Here are the top stories covered by DocWire News this week in the Rheumatology section. In this edition, read how Taltz comapres to Cosentyx, how a rituximab biosimilar stacks up to its originator, the effects of high-dose vitamin D on bone health, and whether bisphosphonates treatment affects mortality.
The U.S. Food and Drug Administration has expanded the indication of Eli Lilly and Company’s Taltz (ixekizumab) to include active ankylosing spondylitis (AS). The humanized interleukin-17A antagonist initially received approval in 2016 for the treatment of plaque psoriasis, and in 2017 of active psoriatic arthritis (PsA). It now competes with Novartis’ Cosentyx (secukinumab), which is indicated to treat the same three rheumatic diseases. Cosentyx garnered FDA approval in 2015 for the treatment of plaque psoriasis, and picked up the subsequent approvals for AS and PsA in 2016. According to Drugs.com, the cost of Taltz subcutaneous solution (80 mg/mL—the suggested dose) is an estimated $5,613/supply. The cost of Cosentyx subcutaneous solution (150 mg/mL—the suggested dose) comes to about $5,415/supply. Find an additional comparison of the two drugs here.
A new systematic review compared biosimilar rituximab to the originator drug in patients with rheumatoid arthritis (RA) and non-Hodgkin’s lymphoma (NHL). The researchers queried the PubMed, EMBASE, Cochrane Library, and Google Scholar databases for head-to-head randomized controlled trials directly comparing rituximab originator and biosimilar. Efficacy outcomes in both RA and NHL were measured by the response rate. Final analysis included 11 trials encompassing 3,163 patients: 1,744 with RA and 1,419 with NHL. In both cohorts, rituximab biosimilars presented similar efficacy in clinical responses.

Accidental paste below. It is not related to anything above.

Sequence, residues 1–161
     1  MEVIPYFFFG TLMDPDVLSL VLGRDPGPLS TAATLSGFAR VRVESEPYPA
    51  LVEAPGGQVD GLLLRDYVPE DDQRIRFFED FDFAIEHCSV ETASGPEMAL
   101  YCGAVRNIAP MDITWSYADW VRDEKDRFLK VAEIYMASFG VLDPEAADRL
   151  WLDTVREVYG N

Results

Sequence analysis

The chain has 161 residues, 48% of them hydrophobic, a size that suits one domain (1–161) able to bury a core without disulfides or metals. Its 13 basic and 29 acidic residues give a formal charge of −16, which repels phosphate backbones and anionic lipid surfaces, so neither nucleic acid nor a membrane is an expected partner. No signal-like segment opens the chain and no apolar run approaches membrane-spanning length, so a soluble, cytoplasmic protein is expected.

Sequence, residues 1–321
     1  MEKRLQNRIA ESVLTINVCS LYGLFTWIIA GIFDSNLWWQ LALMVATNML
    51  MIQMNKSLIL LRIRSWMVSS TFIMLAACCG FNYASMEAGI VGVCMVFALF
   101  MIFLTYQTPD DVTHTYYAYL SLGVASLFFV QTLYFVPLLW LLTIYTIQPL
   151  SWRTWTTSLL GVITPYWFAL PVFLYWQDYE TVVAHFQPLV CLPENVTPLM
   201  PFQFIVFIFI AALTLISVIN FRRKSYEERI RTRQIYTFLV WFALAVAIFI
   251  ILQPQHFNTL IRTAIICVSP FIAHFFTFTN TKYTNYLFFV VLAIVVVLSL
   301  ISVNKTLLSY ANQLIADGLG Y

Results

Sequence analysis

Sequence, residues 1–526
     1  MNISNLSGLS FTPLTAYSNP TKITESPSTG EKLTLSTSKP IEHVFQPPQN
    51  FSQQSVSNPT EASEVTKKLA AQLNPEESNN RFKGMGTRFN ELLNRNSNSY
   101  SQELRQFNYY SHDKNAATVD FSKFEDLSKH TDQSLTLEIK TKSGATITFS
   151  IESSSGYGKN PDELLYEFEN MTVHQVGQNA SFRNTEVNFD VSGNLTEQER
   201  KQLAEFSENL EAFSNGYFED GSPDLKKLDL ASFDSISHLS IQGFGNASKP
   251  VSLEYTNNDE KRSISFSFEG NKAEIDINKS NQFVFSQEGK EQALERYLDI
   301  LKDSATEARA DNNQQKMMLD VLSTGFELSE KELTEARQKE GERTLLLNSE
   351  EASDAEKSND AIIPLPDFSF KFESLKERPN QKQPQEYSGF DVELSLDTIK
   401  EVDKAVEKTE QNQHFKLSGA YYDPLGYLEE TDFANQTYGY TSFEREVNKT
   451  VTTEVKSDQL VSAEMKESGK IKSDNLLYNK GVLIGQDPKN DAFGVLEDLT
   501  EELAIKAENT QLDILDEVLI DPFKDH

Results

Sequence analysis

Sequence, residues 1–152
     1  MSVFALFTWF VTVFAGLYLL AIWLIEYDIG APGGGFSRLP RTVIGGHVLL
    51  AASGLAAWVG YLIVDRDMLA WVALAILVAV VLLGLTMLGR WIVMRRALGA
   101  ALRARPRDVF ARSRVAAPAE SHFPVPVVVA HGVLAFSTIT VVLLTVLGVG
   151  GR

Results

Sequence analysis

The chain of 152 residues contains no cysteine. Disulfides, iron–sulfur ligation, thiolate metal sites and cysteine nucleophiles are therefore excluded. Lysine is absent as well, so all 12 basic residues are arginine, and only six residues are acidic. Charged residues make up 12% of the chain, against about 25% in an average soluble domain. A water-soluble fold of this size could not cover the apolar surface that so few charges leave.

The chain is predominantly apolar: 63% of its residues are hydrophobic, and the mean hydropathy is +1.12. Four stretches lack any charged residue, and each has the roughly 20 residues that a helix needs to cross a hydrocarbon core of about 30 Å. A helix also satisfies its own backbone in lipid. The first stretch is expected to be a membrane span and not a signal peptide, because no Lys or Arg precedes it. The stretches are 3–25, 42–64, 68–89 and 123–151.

Patients taking vitamin D in significant doses may not be doing anything to support their bone mineral density or bone strength, according to the findings of a new randomized clinical trial. The researchers called for future research to determine whether high-dose vitamin D could have harmful effects. They said that their conclusions “do not support a benefit of high-dose vitamin D supplementation for bone health” and added that “further research would be needed to determine whether it is harmful.”
Treatment with bisphosphonates in patients with osteoporosis does not reduce the risk of mortality, according to a new review. Of 2,045 potential trials, the analysis included 38. The data encompassed 101,642 patients: 45,594 placebo patients and 56,048 who received treatment. Six clinical trials evaluated zoledronate treatments (placebo, n = 6,944; treatment, n = 6,926), and 21 were of bisphosphonate treatments (placebo, n = 20,244; treatment, n = 22,623). In all evaluated drug treatments, there was no significant association with overall mortality rate (risk ratio [RR], 0.98; 95% confidence interval [CI], 0.91-1.05; I2 = 0%). Similar outcomes were observed in clinical trials of bisphosphonate treatment (RR, 0.95; 95% CI, 0.86-1.04). There was no correlation between zoledronate treatment and mortality (RR, 0.88; 95% CI, 0.68-1.13), but “evidence existed for heterogeneity of the results (I2 = 48.2%),” the authors noted.